he unconsciously become more and more like the comically

solemn bird that was his constant companion? Groby was

unusually silent as he walked to the train with his escort

of chattering nephews and nieces, and during the short

railway journey his mind was more and more possessed with an

introspective conviction that he had gradually settled down

into a sort of parrot-like existence. What, after all, did

his daily routine amount to but a sedate meandering and

pecking and perching, in his garden, among his fruit trees,

in his wicker chair on the lawn, or by the fireside in his

library? And what was the sum total of his conversation with

chance-encountered neighbours? “Quite a spring day, isn’t

it?” “It looks as though we should have some rain.”

“Glad to see you about again; you must take care of

yourself.” “How the young folk shoot up, don’t they?”

Strings of stupid, inevitable perfunctory remarks came to

his mind, remarks that were certainly not the mental

exchange of human intelligences, but mere empty parrot-talk.

One might really just as well salute one’s acquaintances

with “Pretty Polly. Puss, puss, miaow!” Groby began to

fume against the picture of himself as a foolish feathered

fowl which his nephews sketch had first suggested, and which

his own accusing imagination was filling in with such

unflattering detail.

“I’ll give the beastly bird away,” he said resentfully;

though he knew at the same time that he would do no such

thing. It would look so absurd after all the years that he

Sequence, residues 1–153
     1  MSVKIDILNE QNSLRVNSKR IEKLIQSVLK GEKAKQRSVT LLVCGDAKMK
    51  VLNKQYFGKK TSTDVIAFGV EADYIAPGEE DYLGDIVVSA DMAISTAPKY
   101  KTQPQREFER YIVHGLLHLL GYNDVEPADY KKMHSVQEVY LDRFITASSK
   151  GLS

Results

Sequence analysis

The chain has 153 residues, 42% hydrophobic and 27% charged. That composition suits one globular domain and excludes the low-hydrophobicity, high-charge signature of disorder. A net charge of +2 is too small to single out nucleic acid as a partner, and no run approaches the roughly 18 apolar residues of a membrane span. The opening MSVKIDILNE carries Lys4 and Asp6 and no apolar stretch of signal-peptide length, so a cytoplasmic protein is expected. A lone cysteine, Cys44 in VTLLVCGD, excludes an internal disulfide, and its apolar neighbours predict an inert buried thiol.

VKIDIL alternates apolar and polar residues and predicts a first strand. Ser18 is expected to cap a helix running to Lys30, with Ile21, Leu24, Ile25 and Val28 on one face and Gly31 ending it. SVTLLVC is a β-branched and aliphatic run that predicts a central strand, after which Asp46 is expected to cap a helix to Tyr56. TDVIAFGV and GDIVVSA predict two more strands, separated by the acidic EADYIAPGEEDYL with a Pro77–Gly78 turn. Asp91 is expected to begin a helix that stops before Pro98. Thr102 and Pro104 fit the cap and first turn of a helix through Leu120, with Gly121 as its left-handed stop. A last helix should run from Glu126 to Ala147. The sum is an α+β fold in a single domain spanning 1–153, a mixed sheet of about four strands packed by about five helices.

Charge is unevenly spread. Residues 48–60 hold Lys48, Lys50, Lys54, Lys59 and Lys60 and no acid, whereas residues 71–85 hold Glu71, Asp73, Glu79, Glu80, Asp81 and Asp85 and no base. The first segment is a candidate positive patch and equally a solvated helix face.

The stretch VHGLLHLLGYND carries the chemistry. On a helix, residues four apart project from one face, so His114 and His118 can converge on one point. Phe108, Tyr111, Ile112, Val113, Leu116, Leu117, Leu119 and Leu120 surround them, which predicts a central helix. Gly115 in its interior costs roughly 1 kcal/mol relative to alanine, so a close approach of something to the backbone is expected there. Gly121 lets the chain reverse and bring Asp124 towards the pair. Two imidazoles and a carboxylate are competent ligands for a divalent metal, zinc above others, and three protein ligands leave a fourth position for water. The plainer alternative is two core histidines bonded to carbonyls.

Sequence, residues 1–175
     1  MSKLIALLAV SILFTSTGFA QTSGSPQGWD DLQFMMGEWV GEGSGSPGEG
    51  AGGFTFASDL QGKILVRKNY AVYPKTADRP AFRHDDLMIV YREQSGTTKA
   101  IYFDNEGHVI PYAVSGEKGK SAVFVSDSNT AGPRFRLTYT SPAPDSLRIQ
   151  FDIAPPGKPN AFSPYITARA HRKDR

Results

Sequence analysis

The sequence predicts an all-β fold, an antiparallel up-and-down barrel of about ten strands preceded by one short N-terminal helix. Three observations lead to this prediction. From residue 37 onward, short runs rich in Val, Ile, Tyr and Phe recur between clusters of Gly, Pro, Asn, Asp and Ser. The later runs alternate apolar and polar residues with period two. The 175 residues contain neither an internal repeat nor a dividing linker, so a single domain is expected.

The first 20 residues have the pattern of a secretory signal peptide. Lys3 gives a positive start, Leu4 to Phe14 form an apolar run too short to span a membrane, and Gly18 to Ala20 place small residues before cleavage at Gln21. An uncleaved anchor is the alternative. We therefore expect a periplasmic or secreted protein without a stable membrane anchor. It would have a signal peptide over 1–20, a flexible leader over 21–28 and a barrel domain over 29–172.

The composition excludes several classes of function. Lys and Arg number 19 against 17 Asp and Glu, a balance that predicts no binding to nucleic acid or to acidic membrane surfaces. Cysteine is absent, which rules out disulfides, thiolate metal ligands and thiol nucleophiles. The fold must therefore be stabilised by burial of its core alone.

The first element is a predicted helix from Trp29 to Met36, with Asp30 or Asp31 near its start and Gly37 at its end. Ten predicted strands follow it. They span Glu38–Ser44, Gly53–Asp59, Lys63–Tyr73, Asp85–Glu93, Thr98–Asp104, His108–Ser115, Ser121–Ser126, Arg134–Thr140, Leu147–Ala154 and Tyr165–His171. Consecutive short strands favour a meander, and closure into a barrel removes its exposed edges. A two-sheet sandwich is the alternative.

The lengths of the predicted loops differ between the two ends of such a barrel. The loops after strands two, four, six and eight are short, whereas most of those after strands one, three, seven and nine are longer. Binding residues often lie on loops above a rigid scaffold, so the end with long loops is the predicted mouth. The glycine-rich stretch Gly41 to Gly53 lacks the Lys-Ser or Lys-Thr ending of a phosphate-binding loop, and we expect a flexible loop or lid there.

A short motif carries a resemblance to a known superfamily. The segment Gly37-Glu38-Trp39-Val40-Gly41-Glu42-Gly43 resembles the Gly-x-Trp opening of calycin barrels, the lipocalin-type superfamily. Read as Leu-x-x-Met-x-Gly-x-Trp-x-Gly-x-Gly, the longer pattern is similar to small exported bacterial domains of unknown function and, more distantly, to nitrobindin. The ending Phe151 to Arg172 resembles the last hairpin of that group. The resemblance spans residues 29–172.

had kept the parrot and made much of it suddenly to try and

find it a new home.

“Has my brother arrived?” he asked of the stable-boy,

who had come with the pony-carriage to meet him.

“Yessir, came down by the two-fifteen. Your parrot’s

dead.” The boy made the latter announcement with the relish

which his class finds in proclaiming a catastrophe.

“My parrot dead?” said Groby. “What caused its

death?”

“The ipe,” said the boy briefly.

“The ipe?” queried Groby. “Whatever’s that?”

“The ipe what the Colonel brought down with him,” came

the rather alarming answer.

“Do you mean to say my brother is ill?” asked Groby.

“Is it something infectious?”

“Th’ Coloners so well as ever he was,” said the boy; and

as no further explanation was forthcoming Groby had to

possess himself in mystified patience till he reached home.

His brother was waiting for him at the hall door.

“Have you heard about the parrot?” he asked at once.

“’Pon my soul I’m awfully sorry. The moment he saw the

monkey I’d brought down as a surprise for you he squawked

out, `Rats to you, sir!’ and the blessed monkey made one

spring at him, got him by the neck and whirled him round

like a rattle. He was as dead as mutton by the time I’d got

him out of the little beggar’s paws. Always been such a

friendly little beast, the monkey has, should never have